Binance Ends Services for Users in Belarus

Cryptocurrency exchange Binance has recently informed Belarusian customers that its services will no longer be available in their country.

The announcement follows reports of similar restrictions for residents of other nations under economic sanctions, such as the Islamic Republic of Iran as well as Zimbabwe.

Belarus Population Loses Access to Global Exchange:

The correspondence from Binance, currently the world’s largest virtual asset trading platform by daily volume, does binancenot specifically say when the restrictions will go into effect.

However, the exchange notes that they are related to the latest update in its Terms of Use (ToU) and urges Belarusians to educate themselves with the changes.

Under “Prohibition of Use” on the ToU page, the exchange explains that by accessing and using any of its services, customers acknowledge and declare they are not on any trade or economic sanctions lists, such as those prepared by the United Nations Security Council and the Office of Foreign Assets Control of the U.S. Treasury Department.

Binance says that it “maintains the right to select its markets and jurisdictions to operate and may restrict or deny its services to certain countries.” The exchange also insists on its stance that “prohibited users are not to use or access Binance and any of its services” and reserves the right to modify or change the terms and conditions of its user agreement at any time and at its sole discretion.

The announcement comes very shortly after Binance imposed restrictions on other countries under Western sanctions.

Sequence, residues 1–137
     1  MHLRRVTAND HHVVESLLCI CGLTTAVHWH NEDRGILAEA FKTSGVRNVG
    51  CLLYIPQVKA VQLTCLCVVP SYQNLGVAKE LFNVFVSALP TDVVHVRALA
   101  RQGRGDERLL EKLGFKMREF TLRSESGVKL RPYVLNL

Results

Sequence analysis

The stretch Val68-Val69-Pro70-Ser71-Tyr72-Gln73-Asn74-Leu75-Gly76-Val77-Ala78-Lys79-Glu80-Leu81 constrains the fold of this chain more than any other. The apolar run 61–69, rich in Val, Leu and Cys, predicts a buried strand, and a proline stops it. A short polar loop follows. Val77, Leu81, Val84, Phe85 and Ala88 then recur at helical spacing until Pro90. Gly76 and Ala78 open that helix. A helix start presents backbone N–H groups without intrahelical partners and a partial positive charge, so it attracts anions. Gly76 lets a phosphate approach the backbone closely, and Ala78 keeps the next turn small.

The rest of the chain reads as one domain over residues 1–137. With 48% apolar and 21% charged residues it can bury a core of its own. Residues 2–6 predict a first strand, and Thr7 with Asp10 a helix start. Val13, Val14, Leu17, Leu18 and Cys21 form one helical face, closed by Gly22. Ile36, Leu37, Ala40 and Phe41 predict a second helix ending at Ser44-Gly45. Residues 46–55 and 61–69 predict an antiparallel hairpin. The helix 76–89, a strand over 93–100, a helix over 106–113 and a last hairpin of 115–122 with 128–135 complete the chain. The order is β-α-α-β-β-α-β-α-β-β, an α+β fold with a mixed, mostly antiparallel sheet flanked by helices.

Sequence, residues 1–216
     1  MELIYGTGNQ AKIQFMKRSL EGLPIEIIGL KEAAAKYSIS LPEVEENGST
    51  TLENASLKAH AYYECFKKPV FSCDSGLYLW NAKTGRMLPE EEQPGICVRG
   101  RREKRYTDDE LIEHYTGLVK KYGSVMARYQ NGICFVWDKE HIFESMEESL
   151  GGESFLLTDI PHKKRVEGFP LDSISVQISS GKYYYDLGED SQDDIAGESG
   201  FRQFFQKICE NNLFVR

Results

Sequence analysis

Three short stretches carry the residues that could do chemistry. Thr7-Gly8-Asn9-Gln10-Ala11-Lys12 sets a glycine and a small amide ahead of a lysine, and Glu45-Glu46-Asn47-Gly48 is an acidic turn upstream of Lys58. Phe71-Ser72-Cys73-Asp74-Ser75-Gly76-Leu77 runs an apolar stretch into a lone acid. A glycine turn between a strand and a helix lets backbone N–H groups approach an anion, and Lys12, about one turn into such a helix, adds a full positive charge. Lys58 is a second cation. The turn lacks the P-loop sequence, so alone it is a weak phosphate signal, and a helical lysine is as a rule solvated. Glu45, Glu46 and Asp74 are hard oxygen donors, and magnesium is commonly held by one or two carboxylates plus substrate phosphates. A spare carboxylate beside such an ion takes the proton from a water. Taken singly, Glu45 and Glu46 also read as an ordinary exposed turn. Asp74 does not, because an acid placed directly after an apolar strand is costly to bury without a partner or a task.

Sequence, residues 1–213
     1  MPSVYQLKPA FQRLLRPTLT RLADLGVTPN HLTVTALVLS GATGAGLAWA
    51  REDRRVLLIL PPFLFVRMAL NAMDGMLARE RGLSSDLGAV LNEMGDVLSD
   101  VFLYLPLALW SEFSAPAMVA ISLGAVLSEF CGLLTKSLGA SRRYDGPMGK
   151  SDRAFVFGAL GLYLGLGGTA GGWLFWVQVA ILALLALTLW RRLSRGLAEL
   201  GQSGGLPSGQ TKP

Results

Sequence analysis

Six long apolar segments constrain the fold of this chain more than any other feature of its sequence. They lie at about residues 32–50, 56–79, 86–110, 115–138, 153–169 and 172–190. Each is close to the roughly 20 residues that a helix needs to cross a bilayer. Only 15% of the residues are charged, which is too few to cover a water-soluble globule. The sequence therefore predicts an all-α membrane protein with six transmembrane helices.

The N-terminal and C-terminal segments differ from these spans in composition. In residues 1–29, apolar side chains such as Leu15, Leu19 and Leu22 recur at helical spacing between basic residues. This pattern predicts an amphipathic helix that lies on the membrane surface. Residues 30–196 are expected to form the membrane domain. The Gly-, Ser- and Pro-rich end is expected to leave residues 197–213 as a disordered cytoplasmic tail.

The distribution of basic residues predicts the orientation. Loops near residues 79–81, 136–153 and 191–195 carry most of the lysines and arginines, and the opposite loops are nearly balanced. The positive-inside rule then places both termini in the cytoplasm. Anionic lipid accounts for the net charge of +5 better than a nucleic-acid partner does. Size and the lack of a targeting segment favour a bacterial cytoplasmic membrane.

In November, several international exchanges, including Binance, cut ties with Iran, according to members of the local cryptocurrency community. Zimbabweans have also been informed that the exchange is unable to provide services in their country and have been advised to withdraw their funds.

Belarus Citizens Can Still Buy Crypto:

Belarus is one of only a few jurisdictions in Europe that have adopted crypto-friendly regulations. The number of fintech entities operating in the country has been growing since President Alexander Lukashenko’s Decree No. 8 entered into force in March.

The order legalized the business activities of crypto and blockchain companies registered with the Belarus High Technologies Park (HTP) in Minsk.

The circulation and exchange of cryptocurrencies, however, remain mostly unregulated. There are no cryptocurrency exchanges in the HTP and Binance’s decision to restrict services in the country will make it harder for Belarusians to buy, sell and trade crypto coins.

Fortunately, other options are available. A number of online platforms offer exchange services in the post-Soviet space. Best Change, for instance, lists dozens of verified online exchanges where crypto-enthusiasts can acquire and trade virtual currencies, regardless of sanctions by foreign powers or bans introduced via their own governments.


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